A simple and efficient method for transferring the currents produced by spinning electrons from metals to semiconductors has been developed by A*STAR researchers, laying the groundwork for faster and more energy efficient spintronic computers.
Although advances in electronics have led to increasingly powerful computers, the electrical resistance of silicon limits the rate — known as the clock speed — at which computers can process information to just a few gigahertz or several operations per nanosecond.
Using the spin of electrons instead of their charge to convey information could overcome this limitation. Additionally, these so-called spin-currents consume less energy than electric currents, making spintronic computers more energy efficient than conventional electronic computers.
Transferring spin-currents from one material to another, however, has proved very challenging as the currents can become scrambled during transportation, destroying the information they carry.
Now, Justin Song from A*STAR’s Institute of High Performance Computing and colleagues from the Institute of Materials Research and Engineering, in collaboration with an international team of researchers, have developed a simple technique that significantly improves the efficiency at which spin-currents are injected from a magnetized metal into a semiconductor.
“While methods exist for spin injection from metals into semiconductors, a key issue is that they typically operate close to equilibrium,” explains Song. “As a result, when a simple ferromagnet/semiconductor interface is used, the spin injection efficiency is low.”
By heating a ferromagnet, made from cobalt, with pulses of light from a laser, the researchers were able to create spin-polarized electrons with a range of different energy levels in the cobalt, a state referred to as ‘out-of-equilibrium’, and in which their spins mostly point in the same direction.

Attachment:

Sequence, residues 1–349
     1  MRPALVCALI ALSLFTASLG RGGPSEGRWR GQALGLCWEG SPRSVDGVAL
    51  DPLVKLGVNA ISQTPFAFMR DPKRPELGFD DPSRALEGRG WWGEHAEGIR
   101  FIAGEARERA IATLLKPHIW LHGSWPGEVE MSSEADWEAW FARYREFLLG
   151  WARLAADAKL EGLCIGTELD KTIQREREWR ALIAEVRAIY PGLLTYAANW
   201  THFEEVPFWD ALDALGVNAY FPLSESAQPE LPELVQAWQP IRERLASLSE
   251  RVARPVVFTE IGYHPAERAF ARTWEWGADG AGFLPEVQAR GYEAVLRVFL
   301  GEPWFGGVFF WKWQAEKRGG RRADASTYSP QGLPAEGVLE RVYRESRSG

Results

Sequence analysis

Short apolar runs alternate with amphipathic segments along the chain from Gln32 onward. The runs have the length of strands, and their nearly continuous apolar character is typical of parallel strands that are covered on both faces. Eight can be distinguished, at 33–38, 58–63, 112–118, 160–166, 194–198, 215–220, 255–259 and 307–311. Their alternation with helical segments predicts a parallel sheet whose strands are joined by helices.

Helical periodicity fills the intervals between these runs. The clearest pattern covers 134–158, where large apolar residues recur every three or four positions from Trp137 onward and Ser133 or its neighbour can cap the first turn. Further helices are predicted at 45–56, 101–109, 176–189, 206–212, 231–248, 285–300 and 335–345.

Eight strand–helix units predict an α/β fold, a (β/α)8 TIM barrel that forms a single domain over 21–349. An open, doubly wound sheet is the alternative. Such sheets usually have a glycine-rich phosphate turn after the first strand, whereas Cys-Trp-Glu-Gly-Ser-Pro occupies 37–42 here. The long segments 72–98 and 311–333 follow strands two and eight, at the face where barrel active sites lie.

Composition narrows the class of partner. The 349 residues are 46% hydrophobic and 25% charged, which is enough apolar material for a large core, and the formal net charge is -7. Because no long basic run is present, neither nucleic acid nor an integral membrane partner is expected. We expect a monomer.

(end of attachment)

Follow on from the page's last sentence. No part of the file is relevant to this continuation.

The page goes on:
This out-of-equilibrium state generates spin-current pulses that last less than one trillionth of a second – enough time for them to diffuse from the cobalt into a semiconductor made from single-atom layers of molybdenum disulfide, which then converts the spin-current into an electric current.
“Possibly the most striking aspect is that all this was demonstrated using a simple metal-semiconductor interface, without the complicated and costly structural engineering used in other spintronics,” says Song.
The work establishes a new and simple technique for spin injection that is more than 10,000 times more efficient than what’s available now, and represents a significant step towards the development of ultrafast spintronic computers that use spin-currents as carriers of information, with clock speeds more than a thousand times faster than those in existing conventional computers.
“We are now investigating how pushing systems into an out-of-equilibrium state can lead to effects not possible at equilibrium,” says Song.